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Joseph Cheshire

Able Seaman



My father (Joseph Cheshire) was on board the HMS Thanet when it was attacked and sank on 27th January 1942 off the coast of Malaya and the following is an account of what happened to him that he wrote to his mother after his arrival in Singapore. He was on one of the last ships to leave Singapore before it fell to the Japanese.

We knew when the skipper paraded us that afternoon to tell us that we were going to make a torpedo attack on a Japanese convoy that ‘something was going to happen.’ I cannot explain, even now, looking back on those nightmare days three weeks before Singapore fell just exactly why we knew, but we sensed it. On deck, through the evening and night watches, a new tense expectancy seemed somehow to have put us all on ‘tiptoe.’ We laughed and joked about it then as our destroyer, with its accompanying destroyer, raced through the silenced inky sea, north eastwards from the island, searching, searching… Through the cloud the brilliant moon wreathed the other destroyer in a ghostlike blaze of silver. 

On and on we ploughed… More cloud patches hid the moon and stars and darkened the night now and we began to have to strain our eyes, peering into the nothingness of the night. Suddenly, in a fleeting spell of light, an enormous shape slipped down our starboard side. Perhaps, who knows, it was a Japanese cruiser. If it was they must have been just as surprised as we were for they never opened fire and slipped away from us into the darkness.

Twenty minutes or so later the destroyer screen of the convoy came into sight. I don’t know now what my thoughts were as I stood on the flag deck and saw and heard our torpedoes leave the ship. This must have given our presence away for the searchlights of the Japanese escort vessels which were forming up into a sort of half crescent astern of us lit us up from stern to stern, our ensign fluttering proudly and bravely in the light. Within much less time than it takes to write, we and they had opened fire and the whole world around us seemed to become a mass of moving, flying things and noise.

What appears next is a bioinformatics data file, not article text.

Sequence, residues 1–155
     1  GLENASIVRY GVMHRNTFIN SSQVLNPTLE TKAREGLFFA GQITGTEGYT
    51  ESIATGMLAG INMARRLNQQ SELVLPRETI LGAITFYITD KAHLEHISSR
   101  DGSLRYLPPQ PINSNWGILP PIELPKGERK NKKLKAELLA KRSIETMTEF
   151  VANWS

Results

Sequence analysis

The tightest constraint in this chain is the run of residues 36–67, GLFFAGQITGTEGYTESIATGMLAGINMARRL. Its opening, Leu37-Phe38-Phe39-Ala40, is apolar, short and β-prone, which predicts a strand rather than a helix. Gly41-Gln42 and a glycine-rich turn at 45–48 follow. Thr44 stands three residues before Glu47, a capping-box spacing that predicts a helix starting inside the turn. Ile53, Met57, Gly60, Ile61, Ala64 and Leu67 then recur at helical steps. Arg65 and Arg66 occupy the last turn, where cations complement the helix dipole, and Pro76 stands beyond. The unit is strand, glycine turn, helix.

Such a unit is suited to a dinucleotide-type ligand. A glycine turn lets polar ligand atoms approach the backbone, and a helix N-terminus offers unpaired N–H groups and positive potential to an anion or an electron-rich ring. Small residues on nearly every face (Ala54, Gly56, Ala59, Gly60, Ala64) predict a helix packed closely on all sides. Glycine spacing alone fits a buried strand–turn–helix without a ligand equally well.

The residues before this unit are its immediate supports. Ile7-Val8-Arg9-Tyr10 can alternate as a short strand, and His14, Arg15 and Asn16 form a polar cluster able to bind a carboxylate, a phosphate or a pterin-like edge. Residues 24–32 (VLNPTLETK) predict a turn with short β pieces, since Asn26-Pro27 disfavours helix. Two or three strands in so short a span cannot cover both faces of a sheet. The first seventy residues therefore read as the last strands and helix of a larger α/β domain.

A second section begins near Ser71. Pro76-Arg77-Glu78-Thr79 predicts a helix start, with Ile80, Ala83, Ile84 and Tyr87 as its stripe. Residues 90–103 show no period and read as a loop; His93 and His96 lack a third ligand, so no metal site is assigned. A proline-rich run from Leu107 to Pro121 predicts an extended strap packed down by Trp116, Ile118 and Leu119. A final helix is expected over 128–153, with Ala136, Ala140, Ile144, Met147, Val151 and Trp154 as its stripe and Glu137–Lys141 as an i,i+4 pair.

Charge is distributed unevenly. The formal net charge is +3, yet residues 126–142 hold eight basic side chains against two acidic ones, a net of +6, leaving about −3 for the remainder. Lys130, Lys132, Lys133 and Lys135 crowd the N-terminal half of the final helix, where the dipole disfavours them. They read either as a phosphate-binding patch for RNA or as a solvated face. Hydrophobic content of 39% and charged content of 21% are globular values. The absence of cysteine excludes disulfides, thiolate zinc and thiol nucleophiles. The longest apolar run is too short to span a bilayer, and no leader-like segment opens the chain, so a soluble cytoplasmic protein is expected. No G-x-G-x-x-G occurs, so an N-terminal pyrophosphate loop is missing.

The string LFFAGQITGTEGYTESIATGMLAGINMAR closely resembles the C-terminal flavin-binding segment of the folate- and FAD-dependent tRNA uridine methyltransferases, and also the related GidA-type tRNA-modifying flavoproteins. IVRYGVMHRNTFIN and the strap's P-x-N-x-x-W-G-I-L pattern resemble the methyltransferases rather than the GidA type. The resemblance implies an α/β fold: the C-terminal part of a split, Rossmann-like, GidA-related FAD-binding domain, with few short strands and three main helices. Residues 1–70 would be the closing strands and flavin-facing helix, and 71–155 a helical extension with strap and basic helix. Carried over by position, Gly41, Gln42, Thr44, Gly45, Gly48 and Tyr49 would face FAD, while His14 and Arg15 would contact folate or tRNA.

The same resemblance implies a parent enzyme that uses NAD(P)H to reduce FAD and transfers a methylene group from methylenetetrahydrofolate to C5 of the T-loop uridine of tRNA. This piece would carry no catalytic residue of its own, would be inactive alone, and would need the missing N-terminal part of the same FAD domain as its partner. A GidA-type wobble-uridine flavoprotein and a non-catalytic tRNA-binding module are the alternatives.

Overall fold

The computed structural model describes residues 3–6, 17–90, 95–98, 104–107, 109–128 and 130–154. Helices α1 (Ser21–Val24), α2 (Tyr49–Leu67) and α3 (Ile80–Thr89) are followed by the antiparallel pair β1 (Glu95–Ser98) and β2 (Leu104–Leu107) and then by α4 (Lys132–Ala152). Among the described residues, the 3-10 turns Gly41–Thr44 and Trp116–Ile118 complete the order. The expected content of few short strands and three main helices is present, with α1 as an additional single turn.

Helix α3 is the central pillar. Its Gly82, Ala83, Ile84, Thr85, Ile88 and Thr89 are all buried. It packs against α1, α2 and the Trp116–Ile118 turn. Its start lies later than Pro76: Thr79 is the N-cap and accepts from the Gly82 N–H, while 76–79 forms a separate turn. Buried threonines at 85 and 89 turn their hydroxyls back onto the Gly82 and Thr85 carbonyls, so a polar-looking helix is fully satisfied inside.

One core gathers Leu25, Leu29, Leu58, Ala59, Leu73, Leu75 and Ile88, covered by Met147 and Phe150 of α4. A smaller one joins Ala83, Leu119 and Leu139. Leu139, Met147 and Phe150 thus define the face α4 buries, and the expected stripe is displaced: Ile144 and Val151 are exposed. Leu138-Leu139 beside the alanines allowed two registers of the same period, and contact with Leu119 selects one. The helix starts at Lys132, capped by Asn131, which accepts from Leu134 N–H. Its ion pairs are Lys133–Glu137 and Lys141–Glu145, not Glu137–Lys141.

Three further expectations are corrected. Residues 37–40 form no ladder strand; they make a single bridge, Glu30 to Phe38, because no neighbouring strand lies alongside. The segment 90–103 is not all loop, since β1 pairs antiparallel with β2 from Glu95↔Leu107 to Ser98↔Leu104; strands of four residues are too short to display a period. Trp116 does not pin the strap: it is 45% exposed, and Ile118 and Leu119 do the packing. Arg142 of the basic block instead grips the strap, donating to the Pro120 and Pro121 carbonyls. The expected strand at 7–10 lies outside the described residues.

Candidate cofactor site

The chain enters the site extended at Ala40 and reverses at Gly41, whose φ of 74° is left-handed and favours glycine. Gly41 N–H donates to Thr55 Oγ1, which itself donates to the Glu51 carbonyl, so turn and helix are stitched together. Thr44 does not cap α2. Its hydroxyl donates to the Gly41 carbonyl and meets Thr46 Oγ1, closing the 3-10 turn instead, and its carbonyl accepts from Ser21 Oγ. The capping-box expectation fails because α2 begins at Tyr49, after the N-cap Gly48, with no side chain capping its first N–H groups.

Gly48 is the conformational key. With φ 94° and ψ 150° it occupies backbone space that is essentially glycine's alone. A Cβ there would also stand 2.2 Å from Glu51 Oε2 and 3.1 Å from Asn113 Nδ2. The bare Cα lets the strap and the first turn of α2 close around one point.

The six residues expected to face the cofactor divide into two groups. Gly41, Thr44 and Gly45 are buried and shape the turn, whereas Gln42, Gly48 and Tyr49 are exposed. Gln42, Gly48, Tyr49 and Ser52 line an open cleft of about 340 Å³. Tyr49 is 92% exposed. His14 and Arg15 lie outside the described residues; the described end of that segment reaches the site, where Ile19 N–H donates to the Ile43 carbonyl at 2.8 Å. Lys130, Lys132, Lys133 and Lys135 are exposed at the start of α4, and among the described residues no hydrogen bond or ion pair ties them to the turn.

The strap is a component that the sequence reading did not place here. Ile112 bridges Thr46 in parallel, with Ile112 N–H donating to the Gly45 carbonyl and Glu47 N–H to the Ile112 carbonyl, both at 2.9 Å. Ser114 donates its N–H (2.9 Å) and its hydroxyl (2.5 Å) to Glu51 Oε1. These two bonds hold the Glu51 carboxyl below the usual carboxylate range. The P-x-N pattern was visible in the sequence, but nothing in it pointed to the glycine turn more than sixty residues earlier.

Soon, very soon, we were hit in the engine room, disabled but firing on as our other destroyer laid a smoke screen, but it was no use then for she began to sink and we were ordered to abandon ship. Sixteen of us clambered into a small float built to accommodate about ten men as she sank and six days of something which now seems to me to be like a Robinson Crusoe adventure began for me.

Still too stunned to realise that we too were ‘survivors’, we could not take our eyes off the spot where she had gone down, until the full realisation that now we were alone with the night overtook us. We took turns in fours to swim the float from the stern towards the darkened mass we knew was the land. But we knew too that we were far enough north from Singapore to have to break or steal through the advancing Japanese troops if we wanted to get back.

I shall never forget just how that darkened mass seemed always to be just exactly as far away from our float as it was when we started. Sometimes as we were thrown farther back and at a greater speed than we could swim, I felt like throwing the whole thing up and giving up the unfair fight but always someone in the float would make some jocular remark. Fatuous I know to you comfy in your armchairs but full of life and hope to me out there. 

Throughout the rest of the long night and through the forenoon that followed – in fact thirteen hours – we pushed and paddled that float until, exhausted, we reached the beach and stumbled through the surf to rest ourselves on the soft sand. How long we rested I don’t know but it was almost dusk when I awoke to face the seemingly hopeless task of walking to Singapore.

Another float I know had landed around a headland and with three others I decided to try and make it along the shore, hoping that somehow or somewhere near at hand we could find a more swifter moving vessel to take us on. The others decided to break their way through the jungle – a short cut they said, but to us too much of an uncertainty. We parted there, light-heartedly wishing each other good speed, both sides confident in the face of the other, but each other just a little uncertain. Before us we knew were the Japanese. They were behind us too but soon they might decide to come down to this part of the beach anyway and none of us had any weapons at all.